[2]  In spite of everything that almost all historians in ancient history and linguists specializing in ancient linguistics have been asserting since the successful decipherment of Linear B in 1952, that writing in ancient Greek fell by the wayside for something like four centuries after the demise of Linear B ca. 1200 BCE, nothing could be further from the truth. The gap is not four centuries, as is commonly supposed, but only about one. This is readily demonstrated by this chart:

Revised Timeline for Written Greek (Linear B - Linear C - Greek Alphabet)

Written Greek, Linear B, Cyprriot Syllabary, Linear C, Homeric Greek, Classical Greek

As can be instantly seen, Linear C came to the forefront ca. 1100 BCE, a mere 100 years, give or take, after the disappearance of Linear B from the scene. If we must insist on categorizing Mycenaean Greek as prehistoric, we are bound to fall into a trap from which we cannot extricate ourselves. Allow me to explain. Let us assume for the moment that Mycenaean Greek and its syllabary are prehistoric. But what about the Linear C syllabary?  Can it be considered as prehistoric?  The answer to this question is a flat no. The Linear C syllabary was in continuous use from ca. 1100 BCE to ca. 400 BCE, when the Arcado-Cypriots finally caved into the preeminence Attic Greek was then assuming all over the Greek-speaking world, and finally abandoned Linear C.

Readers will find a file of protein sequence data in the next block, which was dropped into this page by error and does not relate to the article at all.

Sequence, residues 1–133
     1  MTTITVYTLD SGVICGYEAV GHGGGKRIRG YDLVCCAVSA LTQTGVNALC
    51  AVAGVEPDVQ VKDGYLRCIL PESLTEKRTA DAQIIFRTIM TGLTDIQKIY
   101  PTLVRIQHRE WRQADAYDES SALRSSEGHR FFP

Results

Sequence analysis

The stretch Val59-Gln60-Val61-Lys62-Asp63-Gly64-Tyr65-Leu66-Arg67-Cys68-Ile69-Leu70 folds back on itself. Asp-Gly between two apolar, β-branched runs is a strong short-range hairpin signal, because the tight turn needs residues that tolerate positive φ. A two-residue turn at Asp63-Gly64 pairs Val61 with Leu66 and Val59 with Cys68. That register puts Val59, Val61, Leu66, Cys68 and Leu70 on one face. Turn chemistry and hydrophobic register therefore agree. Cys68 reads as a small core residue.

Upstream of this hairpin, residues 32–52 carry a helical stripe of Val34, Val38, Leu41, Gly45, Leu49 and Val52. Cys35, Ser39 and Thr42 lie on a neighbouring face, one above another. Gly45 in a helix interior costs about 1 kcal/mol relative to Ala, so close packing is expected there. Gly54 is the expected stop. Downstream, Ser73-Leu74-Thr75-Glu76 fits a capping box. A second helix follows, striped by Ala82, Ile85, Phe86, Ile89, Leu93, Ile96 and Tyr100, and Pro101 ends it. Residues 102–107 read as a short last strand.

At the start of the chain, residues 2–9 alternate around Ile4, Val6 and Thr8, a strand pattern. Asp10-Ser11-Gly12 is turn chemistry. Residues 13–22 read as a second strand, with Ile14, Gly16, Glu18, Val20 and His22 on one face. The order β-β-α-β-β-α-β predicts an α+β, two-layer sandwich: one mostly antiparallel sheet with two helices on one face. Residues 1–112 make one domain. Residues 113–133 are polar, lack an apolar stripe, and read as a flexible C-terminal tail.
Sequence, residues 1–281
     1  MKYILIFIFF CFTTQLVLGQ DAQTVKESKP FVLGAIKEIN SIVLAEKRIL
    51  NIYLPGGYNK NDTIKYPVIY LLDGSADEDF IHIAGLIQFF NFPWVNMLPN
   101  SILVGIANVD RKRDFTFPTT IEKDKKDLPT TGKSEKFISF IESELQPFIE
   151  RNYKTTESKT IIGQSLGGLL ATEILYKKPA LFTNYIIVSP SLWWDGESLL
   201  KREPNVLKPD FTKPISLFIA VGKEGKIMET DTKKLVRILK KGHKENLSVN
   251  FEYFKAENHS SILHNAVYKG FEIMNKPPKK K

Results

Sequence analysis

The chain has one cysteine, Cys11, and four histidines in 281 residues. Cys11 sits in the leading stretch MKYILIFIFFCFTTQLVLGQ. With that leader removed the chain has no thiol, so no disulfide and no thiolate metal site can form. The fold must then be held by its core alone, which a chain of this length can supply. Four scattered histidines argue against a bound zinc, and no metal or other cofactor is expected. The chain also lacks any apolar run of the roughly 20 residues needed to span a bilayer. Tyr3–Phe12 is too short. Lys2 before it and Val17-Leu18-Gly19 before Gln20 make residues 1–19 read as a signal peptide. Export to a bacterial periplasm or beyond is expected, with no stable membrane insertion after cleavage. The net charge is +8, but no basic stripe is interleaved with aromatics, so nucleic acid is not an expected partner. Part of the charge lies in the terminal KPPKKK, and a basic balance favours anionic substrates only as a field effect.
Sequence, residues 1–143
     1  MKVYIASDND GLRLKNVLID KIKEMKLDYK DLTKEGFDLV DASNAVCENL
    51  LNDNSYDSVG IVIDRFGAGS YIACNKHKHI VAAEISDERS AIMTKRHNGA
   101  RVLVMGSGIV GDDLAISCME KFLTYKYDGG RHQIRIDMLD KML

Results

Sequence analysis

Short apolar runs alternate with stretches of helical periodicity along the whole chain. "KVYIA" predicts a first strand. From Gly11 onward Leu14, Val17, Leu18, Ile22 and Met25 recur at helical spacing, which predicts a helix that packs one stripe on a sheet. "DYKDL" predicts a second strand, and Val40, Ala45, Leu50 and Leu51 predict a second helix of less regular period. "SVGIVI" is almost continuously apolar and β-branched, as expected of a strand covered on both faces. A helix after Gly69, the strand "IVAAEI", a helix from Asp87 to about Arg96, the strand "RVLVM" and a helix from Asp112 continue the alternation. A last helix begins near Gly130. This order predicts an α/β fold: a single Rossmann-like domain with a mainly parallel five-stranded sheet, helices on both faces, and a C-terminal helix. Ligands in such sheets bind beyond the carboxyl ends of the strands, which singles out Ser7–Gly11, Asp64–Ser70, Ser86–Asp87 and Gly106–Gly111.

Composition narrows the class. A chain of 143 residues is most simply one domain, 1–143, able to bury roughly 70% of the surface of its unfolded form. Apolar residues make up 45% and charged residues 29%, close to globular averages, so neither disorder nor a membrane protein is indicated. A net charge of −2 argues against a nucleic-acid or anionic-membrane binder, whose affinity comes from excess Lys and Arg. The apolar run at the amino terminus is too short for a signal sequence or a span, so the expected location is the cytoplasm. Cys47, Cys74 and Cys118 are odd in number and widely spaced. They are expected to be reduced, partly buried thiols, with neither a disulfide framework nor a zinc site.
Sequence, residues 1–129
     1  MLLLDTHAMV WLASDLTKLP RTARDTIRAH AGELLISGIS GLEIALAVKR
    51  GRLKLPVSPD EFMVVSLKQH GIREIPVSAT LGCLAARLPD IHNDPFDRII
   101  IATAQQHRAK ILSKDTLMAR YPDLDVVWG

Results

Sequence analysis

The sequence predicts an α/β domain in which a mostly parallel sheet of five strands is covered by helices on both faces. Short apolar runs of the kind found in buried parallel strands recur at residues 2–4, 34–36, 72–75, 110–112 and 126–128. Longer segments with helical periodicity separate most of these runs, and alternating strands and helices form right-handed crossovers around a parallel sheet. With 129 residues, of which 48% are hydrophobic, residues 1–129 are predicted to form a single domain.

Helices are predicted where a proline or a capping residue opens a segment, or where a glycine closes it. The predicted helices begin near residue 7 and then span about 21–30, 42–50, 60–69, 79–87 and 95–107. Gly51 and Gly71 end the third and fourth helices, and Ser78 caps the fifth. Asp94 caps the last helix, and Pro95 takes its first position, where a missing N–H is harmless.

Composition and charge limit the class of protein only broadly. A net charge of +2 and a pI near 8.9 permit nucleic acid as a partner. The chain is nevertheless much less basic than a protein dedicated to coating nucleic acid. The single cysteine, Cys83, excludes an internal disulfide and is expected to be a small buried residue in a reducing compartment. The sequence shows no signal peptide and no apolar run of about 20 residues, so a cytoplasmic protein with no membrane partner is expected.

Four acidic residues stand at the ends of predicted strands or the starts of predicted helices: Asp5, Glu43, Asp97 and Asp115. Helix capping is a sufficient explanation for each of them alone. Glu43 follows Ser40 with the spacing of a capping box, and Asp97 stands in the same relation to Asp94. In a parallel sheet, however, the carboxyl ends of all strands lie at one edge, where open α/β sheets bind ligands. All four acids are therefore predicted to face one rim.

However, and this is the key to the entire mess, if Linear C was a historic script (as it mostly certainly was), then at the very least Linear B should more properly designated proto-historic, and along with it, Mycenaean Greek itself. Several historians nowadays have already adopted the position that indeed the entire Minoan/Mycenaean civilization, when Linear B was their sole script, was proto-historic, and not prehistoric. The label prehistoric can only be applied to civilizations for which we have no deciphered written record. This applies to pre-Mycenaean Crete and Knossos, since Linear A, the script the Minoans used for their as yet undeciphered language was in use. Until Linear A is deciphered (if it ever is), we really have no choice but to regard the Minoan civilization prior to the advent of Linear B as prehistoric.